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# Darling

'This statement is false.' What do we make of this statement (call it S)? If S is true, then S is false. On the other hand, if S is false, then it is true to say S is false; but, because the Liar sentence is saying precisely that (namely that it is false), S is true. So S is true if and only if it is false. Since S is one or the other, it is both! Debate about sentences like S has been going on among philosophers and logicians for more than 2,000 years without any clear resolution.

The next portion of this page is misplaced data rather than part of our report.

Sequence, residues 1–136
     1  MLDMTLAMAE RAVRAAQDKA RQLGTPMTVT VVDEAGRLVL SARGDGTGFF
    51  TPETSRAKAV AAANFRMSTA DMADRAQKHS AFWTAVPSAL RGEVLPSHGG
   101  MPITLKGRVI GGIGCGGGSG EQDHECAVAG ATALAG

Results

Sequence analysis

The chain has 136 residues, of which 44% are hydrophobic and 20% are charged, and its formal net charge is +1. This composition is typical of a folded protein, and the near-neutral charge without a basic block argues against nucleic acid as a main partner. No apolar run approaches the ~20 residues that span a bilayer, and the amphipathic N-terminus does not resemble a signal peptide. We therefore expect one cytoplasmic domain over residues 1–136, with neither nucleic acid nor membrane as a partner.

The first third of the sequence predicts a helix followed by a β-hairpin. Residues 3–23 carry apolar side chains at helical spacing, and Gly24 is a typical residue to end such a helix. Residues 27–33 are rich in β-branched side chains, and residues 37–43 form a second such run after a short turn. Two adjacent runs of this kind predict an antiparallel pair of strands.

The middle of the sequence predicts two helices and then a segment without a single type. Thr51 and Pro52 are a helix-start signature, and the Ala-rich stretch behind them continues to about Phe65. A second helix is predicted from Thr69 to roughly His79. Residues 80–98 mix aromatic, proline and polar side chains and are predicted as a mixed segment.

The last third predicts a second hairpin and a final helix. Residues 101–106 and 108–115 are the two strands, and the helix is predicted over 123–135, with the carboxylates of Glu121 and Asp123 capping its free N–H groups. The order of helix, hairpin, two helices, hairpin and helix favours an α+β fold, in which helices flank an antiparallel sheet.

Various elaborations of the basic Eubulides Liar paradox have appeared over the ages. In the fourteenth century, the French philosopher Jean Buridan applied it in his argument for the existence of God. In 1913, the English mathematician Philip Jourdain (1879-1921) offered a version that is sometimes referred to as 'Jourdain's Card Paradox.' On one side of a card is written:

THE SENTENCE ON THE OTHER SIDE OF THIS CARD IS TRUE.

On the other side is written:

THE SENTENCE ON THE OTHER SIDE OF THIS CARD IS FALSE.

Yet another popular version of the Liar paradox, guaranteed to perplex, is given by the following three sentences written on a card:

(1) THIS SENTENCE CONTAINS FIVE WORDS.
(2) THIS SENTENCE CONTAINS EIGHT WORDS.
(3) EXACTLY ONE SENTENCE ON THIS CARD IS TRUE.